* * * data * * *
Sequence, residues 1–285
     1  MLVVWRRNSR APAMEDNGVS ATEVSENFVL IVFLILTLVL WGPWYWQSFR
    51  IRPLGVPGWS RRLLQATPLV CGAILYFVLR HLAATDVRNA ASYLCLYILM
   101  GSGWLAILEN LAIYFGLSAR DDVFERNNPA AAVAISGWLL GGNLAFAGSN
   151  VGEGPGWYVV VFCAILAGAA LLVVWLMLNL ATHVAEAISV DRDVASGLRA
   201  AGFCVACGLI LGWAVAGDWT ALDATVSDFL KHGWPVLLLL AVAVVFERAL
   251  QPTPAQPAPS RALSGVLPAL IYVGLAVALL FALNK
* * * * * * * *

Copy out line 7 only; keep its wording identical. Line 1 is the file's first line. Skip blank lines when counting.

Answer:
   251  QPTPAQPAPS RALSGVLPAL IYVGLAVALL FALNK